Publishing start-ups crowd world's biggest book fair

Oct 07, 2013 by Kate Millar
A visitor of the Frankfurt Book Fair looks at books on October 10, 2012 in Frankfurt am Main, western Germany

A rush of publishing start-ups and ever new ways to lure readers in an industry with Amazon breathing down its neck will be a central theme at the world's biggest book fair, opening in Germany on Wednesday.

Faced with competition from the online giant, publishers face an "imperative to be big", organisers of the Frankfurt Book Fair say, pointing to this year's merger to create Penguin Random House.

But the flipside is that start-ups are springing up as continental Europe now follows in the footsteps of Britain and the US, with all eyes on the newcomers shaping the future and hunting for a viable business model.

"The dividing line is no longer between old and new, print and e-books, analogue and digital," the fair's director Juergen Boos said.

"Instead it runs between those who have a passion for content and who want to provide access to it, and those who don't really care what they're selling."

In Germany, the pioneering spirit is seen in innovations such as Tolino, an e-reader produced by bookshop chains and Deutsche Telekom, and Flipintu, an online reader community sharing tips and recommendations, hoping to do for books what Spotify did for music.

Katja Boehne, the fair's spokeswoman, said the mushrooming of start-ups in digital publishing mirrored the switch to smartphones in mobile communications.

From initially offering books in digital format, the range of services around books and content now encompasses self-publishing, 3D educational products with interactive graphics, platforms for interactive reading and new ways of Internet shopping, she said.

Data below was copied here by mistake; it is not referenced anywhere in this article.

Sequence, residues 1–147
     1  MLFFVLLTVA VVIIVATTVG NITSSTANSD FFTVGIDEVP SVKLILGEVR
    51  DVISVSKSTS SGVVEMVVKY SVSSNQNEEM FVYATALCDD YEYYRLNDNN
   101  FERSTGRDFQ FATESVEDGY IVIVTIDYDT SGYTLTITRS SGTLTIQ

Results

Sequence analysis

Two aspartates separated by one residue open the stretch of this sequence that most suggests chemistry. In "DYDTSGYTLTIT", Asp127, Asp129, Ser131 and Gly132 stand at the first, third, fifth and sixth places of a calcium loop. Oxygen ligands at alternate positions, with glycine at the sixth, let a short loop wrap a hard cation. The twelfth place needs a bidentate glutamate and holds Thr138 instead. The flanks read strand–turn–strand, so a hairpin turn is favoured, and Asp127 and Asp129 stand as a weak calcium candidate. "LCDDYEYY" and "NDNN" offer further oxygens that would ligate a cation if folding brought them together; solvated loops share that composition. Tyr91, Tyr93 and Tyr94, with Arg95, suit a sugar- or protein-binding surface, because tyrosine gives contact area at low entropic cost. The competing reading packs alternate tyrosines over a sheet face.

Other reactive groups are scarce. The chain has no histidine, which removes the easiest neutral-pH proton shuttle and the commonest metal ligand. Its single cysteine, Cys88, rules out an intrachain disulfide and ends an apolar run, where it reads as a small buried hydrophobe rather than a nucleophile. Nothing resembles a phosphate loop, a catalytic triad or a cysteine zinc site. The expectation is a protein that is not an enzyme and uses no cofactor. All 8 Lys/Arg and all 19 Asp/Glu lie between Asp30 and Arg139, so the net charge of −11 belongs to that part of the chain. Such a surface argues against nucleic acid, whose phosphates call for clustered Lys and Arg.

"The possibilities of buying books in the classic ways of bookselling are becoming constantly smaller," she said.

"Accordingly, new solutions for the distribution of books on the Internet are being worked on everywhere," Boehne added.

'Parents investing in children'

More than 7,000 exhibitors will descend on the western German city which annually hosts the five-day showcase of international publishing and its cross-over into film, video games and merchandising.

Brazil's literature, arts and culture will take pride of place, represented by around 90 writers, and backed by a 900,000-euro ($1.2-million) government programme for 2011-13 for the translation of Brazilian works.

The publishing sector is in "relatively good" shape compared to other industries, with children and youth literature a driving force, and school books also doing well, Boos told reporters.

"Parents are investing in their children," he said.

But the environment is changing with the scale of runaway successes such as "Fifty Shades of Grey", the 2011 erotic blockbuster by E L James. It was the first part of a trilogy that has been translated into 50 languages and sold over 70 million copies worldwide.

Not only does it pose questions about the diversity of what people read but also drives up the price of translation rights, Boos said.

"Everyone wants a certain bestseller, they all want the next Harry Potter, or the next Fifty Shades of Grey or Dan Brown... everyone's lusting after it," he said.

Blurring the lines between reality and fiction in today's storytelling is another topic for discussion at the fair, where US-Lebanese director, cameraman and author Ziad Doueiri will reveal how he shifts between Hollywood and Lebanon.

Doueiri has worked with director Quentin Tarantino and will receive the fair's 10,000-euro prize for the Best International Literary Adaptation for his film "The Attack", based on Yasmina Khadra's novel about a suicide bombing in Tel Aviv.

Doueiri said in April that the Lebanese authorities had banned his award-winning film from cinemas in his home country because it was partly shot in Tel Aviv using Israeli actors.

The debate about e-books and whether they sound the death knell for print seems to have been laid to rest, with both finding their place and acceptance in parallel.

Bookstores nevertheless face the need to be inventive.

For hints on how bookshops may look in the future, fair organisers point to initiatives in Britain, such as "The Bookshop Band" which writes literature-inspired songs and plays them in stores.

Meanwhile the blog "Bookshelf Porn" has been aiming to give "people a sudden urge to read" since 2009 by showing the best bookshelf photos from around the world.

"Let's be reasonable and add an eighth day to the week that is devoted exclusively to reading," enthused one tweet by a fan.

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